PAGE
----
Methodologies and Practices
Following is a summary of ranking methodologies and practices used by the various publications which include Southwestern University.
U.S. News & World Report
The U.S. News & World Report ranking system is based on two main concepts that education experts have proposed as reliable indicators of academic quality. First, schools are categorized by their mission, which is derived from the breakdown of types of higher education institutions as refined by the Carnegie Foundation for the Advancement of Teaching in 2010. Next, data from each college is gathered on up-to-16 indicators of academic excellence. Finally, the colleges and universities in each category are ranked against their peers, based on their composite weighted score.
Rates schools based on their contribution to the public good in three broad categories: Social Mobility (recruiting and graduating low-income students), Research (producing cutting-edge scholarship and PhDs), and Service (encouraging students to give something back to their country).
Ranks colleges the way a consumer might look at them, with emphasis on factors such as teaching quality, four-year graduation rate, success after graduation, and the amount of debt with which students graduate.
The guide, created by former New York Times education editor Edward B. Fiske, takes into account many qualities when selecting its Best Buy institutions, including:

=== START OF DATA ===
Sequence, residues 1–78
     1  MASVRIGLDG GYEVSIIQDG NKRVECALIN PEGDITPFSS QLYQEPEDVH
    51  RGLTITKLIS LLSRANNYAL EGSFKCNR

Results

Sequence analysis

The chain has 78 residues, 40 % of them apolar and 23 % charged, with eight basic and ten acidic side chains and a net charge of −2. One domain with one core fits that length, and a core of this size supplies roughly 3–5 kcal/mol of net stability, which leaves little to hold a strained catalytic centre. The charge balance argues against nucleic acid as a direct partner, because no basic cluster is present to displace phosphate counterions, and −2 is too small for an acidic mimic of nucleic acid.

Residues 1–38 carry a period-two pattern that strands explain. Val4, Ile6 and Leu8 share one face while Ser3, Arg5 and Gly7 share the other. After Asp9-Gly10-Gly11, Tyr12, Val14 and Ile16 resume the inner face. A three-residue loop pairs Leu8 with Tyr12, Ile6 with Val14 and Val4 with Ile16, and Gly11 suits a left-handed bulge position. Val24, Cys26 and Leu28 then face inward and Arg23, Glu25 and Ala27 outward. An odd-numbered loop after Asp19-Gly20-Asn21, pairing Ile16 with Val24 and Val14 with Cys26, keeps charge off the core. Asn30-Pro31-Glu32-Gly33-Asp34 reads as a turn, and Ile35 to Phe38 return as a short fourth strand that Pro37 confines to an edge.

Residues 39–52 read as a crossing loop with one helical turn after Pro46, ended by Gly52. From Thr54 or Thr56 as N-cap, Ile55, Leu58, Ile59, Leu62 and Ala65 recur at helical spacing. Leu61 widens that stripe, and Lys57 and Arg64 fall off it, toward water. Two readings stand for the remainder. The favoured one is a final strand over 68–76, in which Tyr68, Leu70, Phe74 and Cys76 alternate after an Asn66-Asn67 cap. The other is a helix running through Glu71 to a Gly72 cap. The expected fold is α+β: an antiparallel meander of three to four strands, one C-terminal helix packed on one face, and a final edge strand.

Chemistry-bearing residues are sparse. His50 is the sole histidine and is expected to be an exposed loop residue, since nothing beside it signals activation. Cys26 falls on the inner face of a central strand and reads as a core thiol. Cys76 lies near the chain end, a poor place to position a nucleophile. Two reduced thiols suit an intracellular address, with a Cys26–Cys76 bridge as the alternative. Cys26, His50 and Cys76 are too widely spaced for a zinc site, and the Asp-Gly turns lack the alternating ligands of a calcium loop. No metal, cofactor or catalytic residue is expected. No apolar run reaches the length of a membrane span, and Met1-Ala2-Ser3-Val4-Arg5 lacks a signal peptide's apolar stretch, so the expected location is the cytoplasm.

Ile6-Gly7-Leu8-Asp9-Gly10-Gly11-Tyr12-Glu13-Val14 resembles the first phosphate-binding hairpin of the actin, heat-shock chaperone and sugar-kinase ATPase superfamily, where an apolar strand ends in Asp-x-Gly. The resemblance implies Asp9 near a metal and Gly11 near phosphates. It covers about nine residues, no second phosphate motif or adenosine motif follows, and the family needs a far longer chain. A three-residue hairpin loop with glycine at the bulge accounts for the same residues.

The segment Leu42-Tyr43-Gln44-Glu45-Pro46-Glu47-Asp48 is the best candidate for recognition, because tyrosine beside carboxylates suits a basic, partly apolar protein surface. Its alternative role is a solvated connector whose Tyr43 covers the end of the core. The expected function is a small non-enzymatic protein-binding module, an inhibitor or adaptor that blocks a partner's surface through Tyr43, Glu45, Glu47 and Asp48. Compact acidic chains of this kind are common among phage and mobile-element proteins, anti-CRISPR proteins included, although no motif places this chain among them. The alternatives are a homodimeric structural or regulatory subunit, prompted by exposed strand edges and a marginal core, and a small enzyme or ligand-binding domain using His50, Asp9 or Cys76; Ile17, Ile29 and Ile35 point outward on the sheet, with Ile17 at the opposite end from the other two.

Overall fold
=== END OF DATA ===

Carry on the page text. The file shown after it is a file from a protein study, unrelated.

- four- or five-star academic ratings,
- inexpensive or moderate price category, and
- quality of student life on campus.
The book profiles more than 300 colleges and universities in the U. S., Canada and Great Britain. Twenty-two public schools and 22 private schools were included on the publication’s Best Buy list.
The Princeton Review
Does not rank colleges overall, but publishes lists that rank schools in various areas. In the 2015 edition of The Best 379 Colleges, Southwestern is ranked#8 in the country for Best Career Services, down from a two-year #7 ranking. Southwestern’s “Green Rating” went up from 68 in 2014 to 93 in 2015. 99 is a perfect rating.
Kiplinger’s measures academic quality and affordability to determine the 100 top values in liberal arts colleges, beginning with data on nearly 600 private institutions provided by Peterson’s. The rankings measure academic quality and affordability, with the following areas determining the percentages awarded.
- Graduation Rates
- Academic Support
- Cost and Financial Aid
- Student Indebtedness
Guide to Military Friendly Schools
Research findings are compiled and weighted according to the following categories to determine a final score:
- Military Support on Campus: Programs and policies which provide support to enrolled military students.
- Academic Credibility: The school’s level of academic accreditation: Regional, National, Hybrid and/or Programmatic
- Percent of Military Students: Number of military or veteran students enrolled
- Academic Credit for Military Service
- Flexibility for Military Students
- Veteran Graduation Rates
- Student Tuition Assistance
- Student Survey
- Employment Rates
- Military Spouse Policies
- Government Approvals